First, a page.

And speaking of that, what you say you have enjoyed about church appears to me to be the ritual, and I believe that is a big part of the experience for many people.  Myself, I never enjoyed the rituals, because it seems like they are but vaguely related to the pursuit of understanding the Devine.  In fact, I was bored by the ritual of church.  I saw it as trivial, and just wanted to get on with it; Save my soul or lead me to enlightenment or make something else happen.

None the less, I'm a fan of self understanding.  You can knock psychiatry and counseling, but the goal of self understanding is laudable.  How you get there is your choice.

Offline SGOS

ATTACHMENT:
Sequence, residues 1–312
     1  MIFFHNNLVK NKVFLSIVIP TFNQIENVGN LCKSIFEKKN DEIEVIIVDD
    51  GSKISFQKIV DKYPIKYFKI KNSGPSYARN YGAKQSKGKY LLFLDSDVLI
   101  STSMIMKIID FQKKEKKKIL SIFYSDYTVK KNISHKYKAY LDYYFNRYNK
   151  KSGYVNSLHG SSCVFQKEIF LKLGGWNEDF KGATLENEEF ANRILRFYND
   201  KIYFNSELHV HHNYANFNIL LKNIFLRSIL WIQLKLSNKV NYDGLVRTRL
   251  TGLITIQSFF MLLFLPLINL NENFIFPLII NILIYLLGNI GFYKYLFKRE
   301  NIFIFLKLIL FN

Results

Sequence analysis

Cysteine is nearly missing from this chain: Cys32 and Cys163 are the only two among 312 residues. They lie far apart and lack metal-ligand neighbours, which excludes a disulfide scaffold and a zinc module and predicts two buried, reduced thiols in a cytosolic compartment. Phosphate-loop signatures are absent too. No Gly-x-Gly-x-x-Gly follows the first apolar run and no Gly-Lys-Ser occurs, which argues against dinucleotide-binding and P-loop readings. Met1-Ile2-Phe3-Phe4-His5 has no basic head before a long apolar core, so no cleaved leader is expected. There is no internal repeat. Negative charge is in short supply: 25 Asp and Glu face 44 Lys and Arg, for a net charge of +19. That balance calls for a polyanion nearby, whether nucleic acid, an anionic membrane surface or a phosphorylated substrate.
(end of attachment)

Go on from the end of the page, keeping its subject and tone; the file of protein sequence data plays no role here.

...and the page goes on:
Re: Buddhism for atheists
« Reply #5 on: April 20, 2017, 09:38:27 AM »
Thinking about ritual some more, I think it's added to create a feeling of evoking the spirit world, which would be an integral part of communing with a deity:

"Oh, the priest is chanting.  Sounds like he is calling on the spirits, just like they did in medieval monasteries.  But I'm confident a priest would never summon a demon to church, so we're good here."

"Oh listen to sound of the congregation reading a passage from the King James Bible.  We sound like we are all taking exactly the way Jesus talked."

"Oh my, now the pastor is jumping up and down hollering like an idiot because he's possessed by the Lord.  Now everyone in the congregation is doing it too.  We are all possessed by the Lord.  I can feel it."

"I love to sing my heart out like an animated character in a Disney Cartoon, where magical stuff always happens."

Whether this actually works or not, it's all kind of fun and mysterious.  As kids, my friends and I would stand in front of a brick wall and chant, "Open Sesame!"  No passageway ever appeared, but it was great fun, and helped us build companionship.